Munich, Germany > When Less is Moreparts in half the time that it takes to produce a comparable fossil-fuelled vehicle. The result of BMW’s ground-up design process is a vehicle with superior range that weighs over
454kg less than comparable electric vehicles built on a
Source: BMW Press Group
In response to vehicle mileage and emissions standards, and
to secure a competitive advantage in the burgeoning electric vehicle market, vehicle manufacturers are beginning to embrace lightweight materials and design. As these practices become more commonplace, developments in manufacturing processes will enable an increasing number of vehicle manufacturers to take advantage of lightweight composites, metals, and plastics. These lightweight constructions will enable existing batteries to achieve greater distances, and
for existing EV ranges to be achieved with smaller batteries. In doing so, this should reduce the cost of EVs and enhance performance, safety, and energy efficiency. This in turn will create new opportunities to achieve widespread adoption of battery powered electric vehicles.
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34. 20_RANGE EXTENDERS
Denmark > Pushing Boundaries
Auxiliary power units can be combined with EV battery packs to extend
the driving range of an electric vehicle. The first generation
of these range extenders are small fossil-fuelled internal combustion engines, found in vehicles such as the BMW i3 and
the Audi A1 e-tron. However, in the longer-term, technologies such as fuel cells could offer lower emission solutions to enhance the range and performance of electric vehicles.
DANISH COMPANIES DEVELOP METHANOL FUEL CELL FOR EVs
A consortium of Danish companies are piloting the use of methanol fuel cells in electric vehicles. The project, known as
“MECc” (Modular Energy Carrier concept), was launched in
Autumn 2012 with funding from the Danish government. MECc
aims to produce a prototype electric vehicle that integrates a liquid-cooled, high temperature polymer electrolyte membrane
fuel cell module, with an integrated methanol reformer.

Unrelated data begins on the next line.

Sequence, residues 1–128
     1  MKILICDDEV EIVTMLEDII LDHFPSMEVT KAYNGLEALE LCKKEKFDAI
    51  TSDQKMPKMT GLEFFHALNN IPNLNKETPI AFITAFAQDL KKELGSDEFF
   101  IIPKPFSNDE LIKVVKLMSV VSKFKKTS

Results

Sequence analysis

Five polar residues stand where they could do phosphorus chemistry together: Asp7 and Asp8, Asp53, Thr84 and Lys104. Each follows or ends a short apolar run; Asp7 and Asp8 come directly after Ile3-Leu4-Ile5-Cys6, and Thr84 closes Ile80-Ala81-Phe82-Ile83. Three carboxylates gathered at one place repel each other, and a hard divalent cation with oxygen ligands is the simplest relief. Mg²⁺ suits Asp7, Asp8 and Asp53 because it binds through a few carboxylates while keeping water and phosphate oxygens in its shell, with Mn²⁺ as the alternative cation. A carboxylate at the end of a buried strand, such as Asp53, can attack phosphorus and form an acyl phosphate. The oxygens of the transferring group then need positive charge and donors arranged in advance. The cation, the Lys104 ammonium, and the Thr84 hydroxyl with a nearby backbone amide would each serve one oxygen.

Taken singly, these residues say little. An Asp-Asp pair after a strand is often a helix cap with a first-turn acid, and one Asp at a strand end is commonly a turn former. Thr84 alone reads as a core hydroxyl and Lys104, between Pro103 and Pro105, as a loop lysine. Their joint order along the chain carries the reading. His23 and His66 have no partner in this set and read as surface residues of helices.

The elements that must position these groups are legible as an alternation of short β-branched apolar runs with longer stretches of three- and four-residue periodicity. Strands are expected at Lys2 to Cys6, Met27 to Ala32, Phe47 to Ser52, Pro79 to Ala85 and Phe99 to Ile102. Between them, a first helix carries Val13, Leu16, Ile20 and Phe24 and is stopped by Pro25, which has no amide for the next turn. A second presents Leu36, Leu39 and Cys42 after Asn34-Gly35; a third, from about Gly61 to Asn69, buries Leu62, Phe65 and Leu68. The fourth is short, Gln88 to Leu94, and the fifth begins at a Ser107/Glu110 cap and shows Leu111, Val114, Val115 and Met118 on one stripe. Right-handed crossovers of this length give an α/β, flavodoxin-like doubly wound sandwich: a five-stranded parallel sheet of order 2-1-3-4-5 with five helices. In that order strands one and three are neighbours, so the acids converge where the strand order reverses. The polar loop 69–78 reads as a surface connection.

The project combines the know-how of three Danish companies:
ECOmove, who develops engineering solutions for electric vehicles; Serenergy who design and manufacture fuel cell stacks; and Insero E-Mobility, a cluster organisation with specialist expertise in electric vehicles.
“When using liquid methanol to power the fuel cell, an electric car, in principle, can have a range of up to 800km,” said Mads Friis Jensen, a commercial group manager at Serenergy.
“This requires a tank size of 40-50 litres, which we now know
from petrol and diesel cars.” Jensen explains that the ambition
is that a smaller battery pack and fuel cell will eventually be produced at the same price as an internal combustion engine.
In addition to optimising the fuel cell technology for automotive applications, the consortium is also working on full system integration including fuel, heat-utilisation and management, power management, and software. A further key consideration is the refuelling infrastructure. MECc uses an ethanol/water mix which eliminates many of the difficulties associated with the provision of compressed gases such as hydrogen: “Methanol can be transported in the same tank trucks and can also be refuelled in the same way as petrol and diesel. Thus, methanol is much easier to handle than, for example hydrogen, which must be kept under high pressure,” says Jørgen Wisborg, CEO of the energy company OK, which recently launched a project with Serenegy and fellow Danish company Hamag A/S to test methanol infrastructure for EVs. “We see a wide energy market, because the future is likely